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Discovery of Kadamba Inscription in Goa

By Amigos IAS

Why is it in the news?

  • The 10th-century Kadamba inscription was recently discovered in the Mahadeva temple at Cacoda in southern Goa.

 (Kadamba Inscription)

More about the news

  • The inscription is written in both Kannada and Nagari
  • It sheds light on the Kadamba period in Goa, beginning with the auspicious word ‘Swasthi Shri’ (Be it well).
  • The stone inscription was found between the temples of Mahadev and Sateri-Betal at Cacoda.
  • The inscription records that Talara Nevayya’s son, Gundayya, fulfilled his father’s desire by capturing a gopura of the port of Goa, fighting and dying in the process.
  • Gundayya’s heroic act is commemorated with the inscription erected by his father in the Mahadev temple at Cacoda.
  • The epigraph is in the literary style of the Talangre inscription of Jayasimha I from the same period.

 

Historical Narrative

  • The Kadambas of Goa were subordinates of the Chalukyas of Kalyana.
  • Kadamba Shasthadeva, appointed as Mahamandaleshwara by Chalukyan emperor Tailapa II, played a crucial role in overthrowing the Rashtrakutas.
  • In 960 A.D., Shasthadeva conquered Chandavara city and the port of Gopakapattana (present-day Goa).
  • Gundayya, Talara Nevayya’s son, participated in the battle for Goa’s port and won it at the cost of his life.

 

Socio-cultural Importance

  • Cacora village, where the inscription was found, is connected to navigable waterways leading to the Upper Ghat region through the ancient Diggi ghat route.
  • Cacoda, now a census town in Goa, hosts the Mahadev temple and other deities, reflecting its cultural significance.
  • The inscription highlights the historical and socio-cultural importance of the Kadamba period in Goa.

 

About Kadambas Dynasty

AspectDetails
EstablishmentThe Kadambas, an ancient Karnataka royal dynasty, were founded around 345 A D by Mayurasharma.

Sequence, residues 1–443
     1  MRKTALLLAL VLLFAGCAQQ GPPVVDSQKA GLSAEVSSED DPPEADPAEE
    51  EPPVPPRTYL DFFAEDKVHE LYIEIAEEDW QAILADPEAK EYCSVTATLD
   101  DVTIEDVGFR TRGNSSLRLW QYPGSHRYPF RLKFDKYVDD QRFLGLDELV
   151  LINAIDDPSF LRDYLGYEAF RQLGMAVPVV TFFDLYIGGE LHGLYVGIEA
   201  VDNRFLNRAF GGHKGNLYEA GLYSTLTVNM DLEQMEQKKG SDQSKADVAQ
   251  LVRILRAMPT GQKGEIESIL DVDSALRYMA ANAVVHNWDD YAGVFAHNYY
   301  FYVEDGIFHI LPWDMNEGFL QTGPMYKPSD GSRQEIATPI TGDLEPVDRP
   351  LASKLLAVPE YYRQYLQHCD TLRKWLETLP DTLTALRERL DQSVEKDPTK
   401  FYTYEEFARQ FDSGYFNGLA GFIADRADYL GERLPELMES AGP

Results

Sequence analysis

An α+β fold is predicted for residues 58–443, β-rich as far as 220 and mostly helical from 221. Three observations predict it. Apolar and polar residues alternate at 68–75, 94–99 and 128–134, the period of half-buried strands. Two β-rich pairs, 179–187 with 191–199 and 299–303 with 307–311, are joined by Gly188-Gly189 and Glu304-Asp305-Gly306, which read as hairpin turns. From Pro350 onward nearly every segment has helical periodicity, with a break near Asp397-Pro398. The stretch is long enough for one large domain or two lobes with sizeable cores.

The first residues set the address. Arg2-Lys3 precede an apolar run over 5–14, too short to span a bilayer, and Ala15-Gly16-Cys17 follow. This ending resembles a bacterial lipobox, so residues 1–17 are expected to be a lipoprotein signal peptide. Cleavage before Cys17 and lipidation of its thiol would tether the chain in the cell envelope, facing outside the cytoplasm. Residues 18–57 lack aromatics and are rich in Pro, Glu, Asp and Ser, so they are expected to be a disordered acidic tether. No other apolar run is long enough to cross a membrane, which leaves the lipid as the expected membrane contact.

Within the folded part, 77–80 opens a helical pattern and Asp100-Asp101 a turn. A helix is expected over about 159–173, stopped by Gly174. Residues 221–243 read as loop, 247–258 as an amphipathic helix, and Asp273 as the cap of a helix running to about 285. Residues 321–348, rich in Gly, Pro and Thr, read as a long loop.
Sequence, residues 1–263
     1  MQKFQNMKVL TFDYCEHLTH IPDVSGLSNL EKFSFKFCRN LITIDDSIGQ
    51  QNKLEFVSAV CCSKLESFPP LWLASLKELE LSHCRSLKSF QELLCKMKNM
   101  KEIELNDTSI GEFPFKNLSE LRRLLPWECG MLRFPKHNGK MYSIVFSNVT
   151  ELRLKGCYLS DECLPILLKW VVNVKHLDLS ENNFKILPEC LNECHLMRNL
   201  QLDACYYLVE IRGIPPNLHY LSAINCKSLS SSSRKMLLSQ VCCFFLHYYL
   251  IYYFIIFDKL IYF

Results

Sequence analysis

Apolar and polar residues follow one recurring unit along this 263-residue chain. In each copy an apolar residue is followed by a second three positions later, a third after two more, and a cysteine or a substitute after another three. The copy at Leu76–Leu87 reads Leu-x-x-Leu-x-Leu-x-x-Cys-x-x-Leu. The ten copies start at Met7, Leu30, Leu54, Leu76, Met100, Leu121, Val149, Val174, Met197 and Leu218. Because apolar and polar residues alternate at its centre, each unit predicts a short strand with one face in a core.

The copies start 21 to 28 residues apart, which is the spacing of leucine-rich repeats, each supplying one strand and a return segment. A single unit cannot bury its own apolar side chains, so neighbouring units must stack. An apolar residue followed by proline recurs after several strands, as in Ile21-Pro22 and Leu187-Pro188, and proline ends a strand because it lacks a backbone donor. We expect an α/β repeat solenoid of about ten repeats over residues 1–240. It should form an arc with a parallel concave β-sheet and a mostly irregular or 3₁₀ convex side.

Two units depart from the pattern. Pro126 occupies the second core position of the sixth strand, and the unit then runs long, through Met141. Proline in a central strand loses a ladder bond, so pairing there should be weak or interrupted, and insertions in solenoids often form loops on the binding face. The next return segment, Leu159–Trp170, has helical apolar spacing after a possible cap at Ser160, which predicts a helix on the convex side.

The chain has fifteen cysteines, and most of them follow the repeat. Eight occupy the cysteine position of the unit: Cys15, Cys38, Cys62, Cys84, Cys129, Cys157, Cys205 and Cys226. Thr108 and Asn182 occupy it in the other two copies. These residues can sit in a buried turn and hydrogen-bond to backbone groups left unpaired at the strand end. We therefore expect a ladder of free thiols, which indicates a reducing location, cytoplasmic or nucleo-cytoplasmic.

Territorial ControlThey controlled northern Karnataka and the Konkan region, coexisting with the Western Ganga Dynasty.
Historical SourcesMajor historical sources include inscriptions like Talagunda, Gundanur, Chandravalli, Halasi, and Halmidi in Sanskrit and Kannada.
Architecture– Exhibited unique features inspired by Chalukyan and Pallava styles.
– Contributed to the later Chalukya-Hoysala style.
– The distinctive Kadamba Shikara adopted in Hoysala temples at Doddagaddavalli and Mahakuta in Hampi.
– Erected the Madhukeshwara (Lord Shiva) temple at Banavasi.
Religion– Adhered to Vedic Hinduism.
– Mayurasharma, the founder, was a Brahmin, but heirs changed their surname to Varma to signify Kshatriya rank.
– Horse sacrifice (Ashwamedha) performed by several Kadamba monarchs.
Language– Played a crucial role in developing Kannada as a language of inscriptions.
– Main sources of Kadamba history: Inscriptions in Sanskrit and Kannada.
Administration– Referred to themselves as Dharma Maharajas.
– Various administrative roles: Prime Minister, Council Secretary, Scholarly Elders, Physician, etc.
– Provinces (Mandalas) and districts (Vishayas) used for kingdom partition.
Economy– Kingdom divided into nine Vishayas, with Mahagramas (Taluk) and Dashagramas (Hobli) under a Vishaya.
– Imposed various taxes: land tax, sales tax, professional charges on traders.
Society– Adhered to the caste system, with Brahmins and Kshatriyas at the top.
– Erected memorial stones (hero stones) to honour deceased heroes, a unique feature of medieval Indian society.

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